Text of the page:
Ordinarily, it is a treat to read a judgement authored by Mr Justice Khosa, a single judgement of whose is sufficient to clarify the particular concept of law contained within. However, this particular order downplays the intellectual capacity and capabilities of the Supreme Court judges. It is quite understandable that by keeping the order brief, the apex Court has avoided the use of this order as a precedent in the future and for the very reason the judgement has also not been reported. Though there wasn’t much law within to be reported. Yet if such concession is indeed available as is evident from Mian Nawaz’s case, then detailed parameters should be drawn so as to provide this relief to thousands of other inmates suffering from more serious diseases. Being a former prime minister should not be a ground to secure bail.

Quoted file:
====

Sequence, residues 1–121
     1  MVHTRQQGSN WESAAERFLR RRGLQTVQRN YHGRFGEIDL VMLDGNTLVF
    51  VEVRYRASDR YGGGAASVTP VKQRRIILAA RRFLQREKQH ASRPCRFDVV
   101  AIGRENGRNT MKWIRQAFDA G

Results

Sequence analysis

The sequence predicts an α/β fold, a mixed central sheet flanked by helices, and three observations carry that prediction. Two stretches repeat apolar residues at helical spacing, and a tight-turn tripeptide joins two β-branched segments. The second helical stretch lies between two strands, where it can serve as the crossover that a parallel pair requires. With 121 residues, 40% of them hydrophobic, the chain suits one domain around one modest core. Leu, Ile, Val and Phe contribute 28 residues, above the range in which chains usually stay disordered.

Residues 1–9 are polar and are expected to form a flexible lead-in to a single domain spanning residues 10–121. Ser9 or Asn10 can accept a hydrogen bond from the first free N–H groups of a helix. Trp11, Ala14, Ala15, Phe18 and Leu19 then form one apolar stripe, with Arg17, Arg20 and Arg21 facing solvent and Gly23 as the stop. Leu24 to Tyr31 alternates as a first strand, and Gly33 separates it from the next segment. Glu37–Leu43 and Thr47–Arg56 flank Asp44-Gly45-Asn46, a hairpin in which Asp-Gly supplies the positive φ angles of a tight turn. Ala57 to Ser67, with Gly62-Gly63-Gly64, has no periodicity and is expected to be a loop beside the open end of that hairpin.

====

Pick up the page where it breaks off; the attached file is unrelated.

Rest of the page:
The relief is indeed extraordinary as it details the conditions of the bail. The absence of reasoning for extending such relief to Mian Nawaz is the perturbing reality. The notion that relief was extended to the power should have been dispelled by the apex Court by providing detailed legal reasoning for allowing Mian Nawaz to walk free. Though, another aspect being put forward by a lot of critics is that Mian Nawaz will not go back to prison and his bail will be extended at the expiry of six weeks. However, the same has been eliminated by the apex Court itself. A bare reading of the order puts to rest the talk of him being out for a longer period of time.

The judges of the Supreme Court may not have been browbeaten by the masters of Nehal Hashmi. However, they certainly seem to have been compelled by a few medical reports.